The Alan Review
Current Editor
Wendy Glenn wendy.glenn@uconn.edu
Volume 37, Number 1
Fall 2009


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Call for Manuscripts

Submitting the Manuscript:

Manuscript submission guidelines are available on p. 2 of this issue and on our website at http://www.alan-ya.org/the-alan-review/. Note: The ALAN Review is adjusting its submission deadlines to allow more time for editing and production. The January 2010 deadline below represents a change from previous versions of this call. Beginning with the Fall 2010 issue, deadlines will be announced as follows: Fall issue, March 1; Winter issue, July 1; Summer issue, November 1.

2010 Winter Theme: Young Adult Literature in the 21st Century: “Scattering Light” on Our Freedom to Think, See, and Imagine

The theme of this issue asks us to imagine what it means to “scatter light” using young adult literature. Which pioneers in our field have encouraged us to “scatter light”? Which novels or poems encourage young readers to think about their pasts as they continue in the future? How does young adult literature help readers deal with adolescent issues as they think, see, and imagine those futures? What texts give “voice [to those who have] been pushed down hard” by school or society? This theme is meant to be open to interpretation, and we welcome manuscripts addressing pedagogy as well as theoretical concerns. General submissions are also welcome. Submission deadline: October 15, 2009

2010 Summer Theme: Interplay: Influence of Film, New Media, Digital Technology, and Image on YA Literature

The lines between various forms of media are frequently blurred for young adult readers; young adult novels increasingly have some combination of websites, blogs, fanfiction, and video games to accompany them. The theme of this issue asks us to consider the influences of film, new media, digital technology, and image on young adult novels. What does the interplay between digital media and young adult literature look like? How is young adult literature being influenced by digital media? What roles do film and image play in young adult literature? What are the reading experiences of young adults who “read” books in multiple media? Which novels and novel media help readers to question or critique society and the world? This theme is meant to be open to interpretation, and we welcome manuscripts addressing pedagogy as well as theoretical concerns. General submissions are also welcome. Submission deadline: January 5, 2010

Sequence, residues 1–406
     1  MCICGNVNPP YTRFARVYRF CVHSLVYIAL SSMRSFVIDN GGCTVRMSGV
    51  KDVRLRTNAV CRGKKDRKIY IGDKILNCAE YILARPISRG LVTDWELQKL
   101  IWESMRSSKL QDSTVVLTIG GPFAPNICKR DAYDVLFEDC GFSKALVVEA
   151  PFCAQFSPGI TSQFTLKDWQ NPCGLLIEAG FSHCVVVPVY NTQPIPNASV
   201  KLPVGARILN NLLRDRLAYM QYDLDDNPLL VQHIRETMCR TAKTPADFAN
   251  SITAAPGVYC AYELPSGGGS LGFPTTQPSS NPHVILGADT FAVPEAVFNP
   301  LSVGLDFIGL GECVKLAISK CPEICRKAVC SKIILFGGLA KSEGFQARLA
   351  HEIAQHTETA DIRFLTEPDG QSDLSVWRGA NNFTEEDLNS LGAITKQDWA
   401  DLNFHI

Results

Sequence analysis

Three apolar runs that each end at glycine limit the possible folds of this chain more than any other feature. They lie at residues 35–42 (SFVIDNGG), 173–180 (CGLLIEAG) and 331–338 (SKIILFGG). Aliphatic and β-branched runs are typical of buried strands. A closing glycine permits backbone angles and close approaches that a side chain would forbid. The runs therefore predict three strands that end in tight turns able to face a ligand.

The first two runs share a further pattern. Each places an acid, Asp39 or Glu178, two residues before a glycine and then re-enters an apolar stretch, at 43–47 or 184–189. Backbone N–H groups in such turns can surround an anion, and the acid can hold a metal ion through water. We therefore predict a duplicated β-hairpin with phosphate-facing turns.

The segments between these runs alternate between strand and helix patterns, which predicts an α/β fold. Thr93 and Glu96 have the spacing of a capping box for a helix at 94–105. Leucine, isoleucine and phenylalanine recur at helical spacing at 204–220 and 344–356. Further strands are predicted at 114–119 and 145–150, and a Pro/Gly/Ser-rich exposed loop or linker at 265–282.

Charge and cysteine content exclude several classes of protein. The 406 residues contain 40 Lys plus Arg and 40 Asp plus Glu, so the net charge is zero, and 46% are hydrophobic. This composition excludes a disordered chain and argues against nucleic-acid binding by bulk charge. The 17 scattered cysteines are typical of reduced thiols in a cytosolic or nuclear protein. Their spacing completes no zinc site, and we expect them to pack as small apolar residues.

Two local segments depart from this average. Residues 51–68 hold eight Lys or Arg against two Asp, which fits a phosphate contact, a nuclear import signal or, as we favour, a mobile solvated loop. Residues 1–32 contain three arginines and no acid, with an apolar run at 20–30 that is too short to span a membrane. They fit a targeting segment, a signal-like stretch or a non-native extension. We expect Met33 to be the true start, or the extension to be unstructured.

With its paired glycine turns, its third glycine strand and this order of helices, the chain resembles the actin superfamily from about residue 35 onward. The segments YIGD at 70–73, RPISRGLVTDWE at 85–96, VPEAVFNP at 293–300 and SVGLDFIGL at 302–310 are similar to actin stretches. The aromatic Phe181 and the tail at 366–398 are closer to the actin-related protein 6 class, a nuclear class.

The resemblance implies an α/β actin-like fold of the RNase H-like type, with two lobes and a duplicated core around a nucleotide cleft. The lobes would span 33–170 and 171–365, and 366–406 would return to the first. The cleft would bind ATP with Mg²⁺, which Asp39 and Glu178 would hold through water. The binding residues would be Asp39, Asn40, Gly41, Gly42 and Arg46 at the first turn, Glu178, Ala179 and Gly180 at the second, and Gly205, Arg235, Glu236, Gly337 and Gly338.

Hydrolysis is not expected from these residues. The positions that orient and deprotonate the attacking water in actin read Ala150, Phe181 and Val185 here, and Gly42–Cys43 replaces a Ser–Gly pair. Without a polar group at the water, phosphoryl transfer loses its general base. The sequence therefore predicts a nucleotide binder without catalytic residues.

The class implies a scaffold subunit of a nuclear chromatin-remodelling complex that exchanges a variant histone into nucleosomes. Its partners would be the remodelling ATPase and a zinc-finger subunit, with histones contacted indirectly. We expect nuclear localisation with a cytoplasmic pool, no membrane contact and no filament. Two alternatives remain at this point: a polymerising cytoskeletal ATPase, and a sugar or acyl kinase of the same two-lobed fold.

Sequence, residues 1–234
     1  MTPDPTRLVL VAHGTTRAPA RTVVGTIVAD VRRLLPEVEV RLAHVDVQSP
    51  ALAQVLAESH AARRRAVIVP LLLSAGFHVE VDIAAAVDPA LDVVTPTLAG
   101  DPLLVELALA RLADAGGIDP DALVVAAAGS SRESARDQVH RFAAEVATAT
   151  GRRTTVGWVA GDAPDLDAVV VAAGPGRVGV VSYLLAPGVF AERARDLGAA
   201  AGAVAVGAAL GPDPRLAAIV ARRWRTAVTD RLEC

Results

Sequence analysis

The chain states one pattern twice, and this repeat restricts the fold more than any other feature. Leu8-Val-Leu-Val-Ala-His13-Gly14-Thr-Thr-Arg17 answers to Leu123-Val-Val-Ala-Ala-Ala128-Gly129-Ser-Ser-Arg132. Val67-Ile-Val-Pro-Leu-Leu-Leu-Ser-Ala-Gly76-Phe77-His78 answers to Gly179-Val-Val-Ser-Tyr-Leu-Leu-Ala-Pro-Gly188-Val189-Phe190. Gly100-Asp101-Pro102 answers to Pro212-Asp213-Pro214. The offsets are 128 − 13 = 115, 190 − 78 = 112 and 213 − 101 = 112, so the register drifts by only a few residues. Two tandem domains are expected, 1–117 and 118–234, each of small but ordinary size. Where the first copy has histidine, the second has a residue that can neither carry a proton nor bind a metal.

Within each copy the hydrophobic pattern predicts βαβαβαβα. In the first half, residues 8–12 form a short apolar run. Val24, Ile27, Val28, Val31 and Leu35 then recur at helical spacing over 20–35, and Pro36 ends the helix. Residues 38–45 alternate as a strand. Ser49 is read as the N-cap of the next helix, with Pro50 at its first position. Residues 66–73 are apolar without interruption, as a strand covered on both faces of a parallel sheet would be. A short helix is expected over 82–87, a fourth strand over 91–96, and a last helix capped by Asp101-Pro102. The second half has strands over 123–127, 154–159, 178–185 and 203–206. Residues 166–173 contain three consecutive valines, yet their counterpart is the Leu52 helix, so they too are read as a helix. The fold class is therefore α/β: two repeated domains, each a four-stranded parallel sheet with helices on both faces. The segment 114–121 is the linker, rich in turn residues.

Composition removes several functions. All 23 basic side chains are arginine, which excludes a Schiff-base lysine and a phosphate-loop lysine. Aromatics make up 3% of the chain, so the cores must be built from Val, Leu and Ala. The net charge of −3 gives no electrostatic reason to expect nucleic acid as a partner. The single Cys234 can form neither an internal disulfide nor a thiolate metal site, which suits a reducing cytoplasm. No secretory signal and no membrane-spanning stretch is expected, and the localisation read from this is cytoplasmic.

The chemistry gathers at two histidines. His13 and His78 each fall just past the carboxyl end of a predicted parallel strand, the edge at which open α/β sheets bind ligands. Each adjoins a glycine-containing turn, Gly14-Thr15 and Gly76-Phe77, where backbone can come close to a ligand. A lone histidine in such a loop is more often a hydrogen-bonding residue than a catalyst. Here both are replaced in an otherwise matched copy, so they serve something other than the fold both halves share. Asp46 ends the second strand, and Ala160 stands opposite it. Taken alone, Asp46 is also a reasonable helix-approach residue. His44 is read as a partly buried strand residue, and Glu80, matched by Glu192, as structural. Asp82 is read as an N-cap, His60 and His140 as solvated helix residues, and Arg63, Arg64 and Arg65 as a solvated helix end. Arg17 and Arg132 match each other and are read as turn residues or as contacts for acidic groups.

2010 Fall Theme: Can I teach this? What does YA literature look like in the classroom?

One of the most frequent comments we hear from our preservice teachers is how much they like young adult literature, but how unprepared they feel to “teach” it in their future classrooms. They are worried not only about possible censorship issues, but also about whether or not the quality of YA literature is comparable to the “classics.” For this issue, we are seeking a broad range of articles that explore the ways teachers incorporate YA literature in the classroom. What are your experiences teaching YAL at any level? How do you prepare new teachers? How does teaching YAL compare with teaching the classics? How does it meet or trouble the standards in your environment? What are some quality texts that have been rewarding in the hands of students? This theme is meant to be open to interpretation, and we welcome manuscripts addressing pedagogy as well as theoretical concerns. General submissions are also welcome. Submission deadline: March 1, 2010

New Section

Got a story about young adult literature you’d like to share? We are starting a new section featuring brief vignettes (no more than 300 words) from practicing teachers and librarians who would like to share their interactions with students, parents, colleagues, and administrators around YA literature.


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